Exactly 70 years after the Allied invasion of Normandy began; an American film maker published rare documentation taken by his father during the war. The footage shows the invasion of Normandy, the liberation of France, and the horrors of the Dachau Concentration Camp.


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When the HMS Belfast Ship fired the opening shots on the way to the largest landing of Allied Forces in Normandy, France, known as D-Day, on board was one unexpected passenger.  Hollywood filmmaker George Stevens charged with his troops on the Normandy coast and participated in the liberation of Europe.  He also recorded these moments on video.

Towards the end of the video, one sees piles of bodies US forces found in the Dachau Concentration Camp in southern Germany. But most of the film documents the invasion of Normandy and the victory celebrations in France. Women are seen throwing flowers at the American forces and singing the French national anthem.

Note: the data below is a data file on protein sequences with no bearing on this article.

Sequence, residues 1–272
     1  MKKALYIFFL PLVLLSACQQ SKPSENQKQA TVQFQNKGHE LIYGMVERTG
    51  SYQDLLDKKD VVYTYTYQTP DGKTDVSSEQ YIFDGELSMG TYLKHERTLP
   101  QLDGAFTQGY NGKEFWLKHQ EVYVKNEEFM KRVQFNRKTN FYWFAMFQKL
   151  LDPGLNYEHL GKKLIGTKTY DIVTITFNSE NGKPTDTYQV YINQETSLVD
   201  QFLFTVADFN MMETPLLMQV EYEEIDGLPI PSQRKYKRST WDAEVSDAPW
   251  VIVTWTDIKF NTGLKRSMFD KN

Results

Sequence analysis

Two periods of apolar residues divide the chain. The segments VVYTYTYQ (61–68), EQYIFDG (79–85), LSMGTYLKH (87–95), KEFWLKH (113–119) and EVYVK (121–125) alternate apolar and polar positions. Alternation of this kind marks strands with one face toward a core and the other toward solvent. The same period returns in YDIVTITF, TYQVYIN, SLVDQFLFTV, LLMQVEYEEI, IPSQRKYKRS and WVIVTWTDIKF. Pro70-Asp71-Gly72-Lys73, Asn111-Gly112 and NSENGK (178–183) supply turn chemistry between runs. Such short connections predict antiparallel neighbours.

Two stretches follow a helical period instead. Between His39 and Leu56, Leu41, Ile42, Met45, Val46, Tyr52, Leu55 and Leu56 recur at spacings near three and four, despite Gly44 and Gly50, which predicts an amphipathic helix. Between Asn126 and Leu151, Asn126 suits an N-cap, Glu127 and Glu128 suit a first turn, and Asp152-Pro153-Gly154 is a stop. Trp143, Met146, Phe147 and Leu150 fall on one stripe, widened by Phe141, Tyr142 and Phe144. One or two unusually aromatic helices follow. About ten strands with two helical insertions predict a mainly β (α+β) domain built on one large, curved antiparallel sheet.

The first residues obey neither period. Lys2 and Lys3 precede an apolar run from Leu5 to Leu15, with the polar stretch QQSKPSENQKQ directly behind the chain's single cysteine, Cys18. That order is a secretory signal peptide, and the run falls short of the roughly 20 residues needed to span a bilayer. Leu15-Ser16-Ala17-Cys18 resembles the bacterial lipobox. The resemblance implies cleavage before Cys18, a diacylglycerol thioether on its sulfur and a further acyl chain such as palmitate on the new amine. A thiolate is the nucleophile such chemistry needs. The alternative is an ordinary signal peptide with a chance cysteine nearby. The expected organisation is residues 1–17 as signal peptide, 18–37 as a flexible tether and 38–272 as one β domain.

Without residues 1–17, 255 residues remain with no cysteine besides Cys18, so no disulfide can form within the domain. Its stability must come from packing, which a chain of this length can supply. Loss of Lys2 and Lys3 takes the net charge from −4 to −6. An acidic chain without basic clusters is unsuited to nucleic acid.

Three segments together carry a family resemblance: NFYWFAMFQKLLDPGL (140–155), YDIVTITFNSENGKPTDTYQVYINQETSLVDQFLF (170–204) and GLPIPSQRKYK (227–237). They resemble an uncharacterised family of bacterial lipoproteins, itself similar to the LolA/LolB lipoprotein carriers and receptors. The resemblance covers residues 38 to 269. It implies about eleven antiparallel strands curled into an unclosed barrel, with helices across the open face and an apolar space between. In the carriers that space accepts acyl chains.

General and later President Dwight D. Eisenhower urged him to the head of the invasion in order to keep a war diary. Films were developed in the US when he returned home, but Stevens kept this one for himself for decades and no one did anything with it. Only when his son, George Stevens Jr., who is a filmmaker himself, decided to make a film about his father, did he find the rare films and publish them, exactly 70 years after the invasion.